What are my risks as a Plan Participant member?

Although there is a cost associated with activating an ERAP, Plan Participants are strongly encouraged to consider the risks of not activating the ERAP or using their own resources which may not be identified in your ERAP. This should be compared to using the trained and competent resources made available all across Canada that are provided through ERAC Plan Participant fees.


What are my responsibilities as a Plan Participant member?

The consignor is responsible for classification of dangerous goods. They must provide the carrier with a copy of the dangerous goods shipping document (paper or electronic), as well as ensuring appropriate placards (safety marks) are available for use by the carrier. The ERAP number and emergency call centre (ECC) number required for activating the plan must be on all shipping documents.

It is the responsibility of the Plan Participant member to approve an activation of the ERAP and associated response actions identified in the Plan. Plan Participant members must communicate emergency contact information changes to the ERAP to ERAC for implementation and distribution to the response system.


What is the role of the Home Base Coordinators (HBCs)?

  • Fulfill the requests for technical advice by telephone for the product, container and response process associated with this plan;
  • Notifies Transport Canada (through CANUTEC) that the emergency response operations have been activated;
  • Monitors the response to a Liquefied Petroleum Gas Emergency;
  • Notifies and maintains communication with the Plan Participant as to initial response required and as scope of incident  escalates;
  • Maintains a log of activities and supports the on scene ERAC personnel, Response Team Leader, Technical Advisor and Remedial Measures Advisor; and
  • Responds to media requests pertaining to the ERAC


What is the role of the Remedial Measures Advisors (RMAs)?

  • Fulfills the requests for technical advice at the incident scene for the product, container, and response process associated with this plan, for rail, road and stationary tanks.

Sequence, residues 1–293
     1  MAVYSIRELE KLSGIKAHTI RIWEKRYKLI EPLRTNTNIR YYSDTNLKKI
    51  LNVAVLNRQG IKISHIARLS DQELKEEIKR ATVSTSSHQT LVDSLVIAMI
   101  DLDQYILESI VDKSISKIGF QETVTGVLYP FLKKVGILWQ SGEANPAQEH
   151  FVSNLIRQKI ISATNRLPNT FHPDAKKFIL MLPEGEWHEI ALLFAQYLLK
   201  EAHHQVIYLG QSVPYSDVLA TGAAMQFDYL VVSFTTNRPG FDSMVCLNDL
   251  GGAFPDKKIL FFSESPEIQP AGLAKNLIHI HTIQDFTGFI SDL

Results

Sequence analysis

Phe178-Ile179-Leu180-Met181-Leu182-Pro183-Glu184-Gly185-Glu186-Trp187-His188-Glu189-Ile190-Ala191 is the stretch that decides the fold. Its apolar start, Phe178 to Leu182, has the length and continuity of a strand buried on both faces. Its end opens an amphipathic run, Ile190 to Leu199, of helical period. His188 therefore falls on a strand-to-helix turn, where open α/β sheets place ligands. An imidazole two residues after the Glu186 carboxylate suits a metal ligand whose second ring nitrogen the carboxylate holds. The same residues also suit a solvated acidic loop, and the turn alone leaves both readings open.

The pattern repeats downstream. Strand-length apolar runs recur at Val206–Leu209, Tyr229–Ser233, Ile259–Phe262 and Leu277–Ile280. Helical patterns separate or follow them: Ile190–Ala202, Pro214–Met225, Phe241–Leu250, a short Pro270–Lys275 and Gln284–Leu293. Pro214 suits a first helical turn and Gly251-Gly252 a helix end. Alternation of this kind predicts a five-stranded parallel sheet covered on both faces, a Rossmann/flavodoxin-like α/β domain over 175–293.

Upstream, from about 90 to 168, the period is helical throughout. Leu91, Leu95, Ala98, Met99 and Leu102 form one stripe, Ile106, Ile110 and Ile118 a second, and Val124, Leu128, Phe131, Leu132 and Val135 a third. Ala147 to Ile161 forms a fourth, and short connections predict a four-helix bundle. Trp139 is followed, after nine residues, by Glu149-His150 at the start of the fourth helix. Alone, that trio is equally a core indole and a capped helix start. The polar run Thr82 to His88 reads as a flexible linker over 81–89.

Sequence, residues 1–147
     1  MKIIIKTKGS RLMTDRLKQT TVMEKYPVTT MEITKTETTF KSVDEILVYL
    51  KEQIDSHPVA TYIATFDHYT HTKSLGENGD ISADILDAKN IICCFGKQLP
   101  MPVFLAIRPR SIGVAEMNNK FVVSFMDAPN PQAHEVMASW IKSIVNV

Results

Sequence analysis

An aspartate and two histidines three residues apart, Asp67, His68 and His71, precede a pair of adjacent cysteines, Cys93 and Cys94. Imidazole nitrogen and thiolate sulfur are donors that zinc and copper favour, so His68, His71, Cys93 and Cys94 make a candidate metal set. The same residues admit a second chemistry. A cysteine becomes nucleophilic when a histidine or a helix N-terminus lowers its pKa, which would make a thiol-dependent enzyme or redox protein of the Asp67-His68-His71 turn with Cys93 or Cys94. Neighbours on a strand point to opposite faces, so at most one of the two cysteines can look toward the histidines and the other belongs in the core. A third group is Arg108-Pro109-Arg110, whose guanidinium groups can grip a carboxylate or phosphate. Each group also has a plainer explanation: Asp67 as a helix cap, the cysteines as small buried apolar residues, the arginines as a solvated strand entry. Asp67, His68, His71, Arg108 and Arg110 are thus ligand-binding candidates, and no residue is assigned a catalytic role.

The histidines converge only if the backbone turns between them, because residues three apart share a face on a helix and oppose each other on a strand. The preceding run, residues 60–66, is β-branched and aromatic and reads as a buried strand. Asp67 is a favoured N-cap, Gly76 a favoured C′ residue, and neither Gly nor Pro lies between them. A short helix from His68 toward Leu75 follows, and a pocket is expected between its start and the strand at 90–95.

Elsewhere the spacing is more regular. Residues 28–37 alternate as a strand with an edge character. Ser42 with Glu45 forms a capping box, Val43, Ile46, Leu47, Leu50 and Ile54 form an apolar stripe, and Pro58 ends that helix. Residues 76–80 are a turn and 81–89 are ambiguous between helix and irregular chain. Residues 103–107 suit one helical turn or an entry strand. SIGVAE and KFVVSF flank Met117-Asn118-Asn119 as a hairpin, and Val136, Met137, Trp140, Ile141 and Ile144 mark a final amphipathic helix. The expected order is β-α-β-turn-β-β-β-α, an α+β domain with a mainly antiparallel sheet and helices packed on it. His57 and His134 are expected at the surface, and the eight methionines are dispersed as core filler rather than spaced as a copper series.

• Provide direction and assistance for means of containment damage assessment;
  • Overall management of ERAC Operations at an incident scene. Fulfills a leading role in the operations section of the ICS process. The position will depend on the size of the event and the complexity of the ICS structure. It is anticipated that this will be one of three roles:
    • Operations Section Chief,
    • Liquefied Petroleum Gas Branch Director, or
    • Liquefied Petroleum Gas Group Supervisor
  • Document  information in the appropriate form in the Emergency Notification Form and Incident Log;
  • Attends the scene of a Liquefied Petroleum Gas Emergency when activated by a Home Base Coordinator;
  • When arriving on site, the RMA will meet up with the Incident Commander;
  • Provide periodic progress reports to the Emergency Call Centre (ECC) through the Emergency Call Centre Operator (ECCO) to the Home Base Coordinator for distribution to the Plan Participant and other ERAC stakeholders; and
  • Obtains release from the Home Base Coordinator, Incident Commander and Plan Participant (if on scene) prior to leaving scene.


What is the role of the Flammable Liquids Technical Advisors (FLTAs)?

  • FLTAs are full time employees of ERAC with significant emergency response and industrial firefighting experience.
  • Reporting to the Flammable Liquids Operations Manager, FLTAs will rotate through an on-call schedule and provide telephone support and advice to keep communication flowing during incident activation.
  • FLTAs may be required to attend large scale incidents to provide additional support to the Technical Specialists.
  • FLTAs will support the Emergency Call Centre and act as a liaison for the Plan Participant and the Technical Specialist on the scene.
  • Experts in flammable liquids, FLTAs can provide first responders with technical support regarding the product and methods proven effective in containing and fighting fire.
  • FLTAs will help develop, implement and evaluate ERAC training, and support Quality Management and Safety Management Systems.
  • FLTAs will support regional training and certification events held across Canada.

If you require further information, or have other questions, please don’t hesitate to contact us at info@erac.org.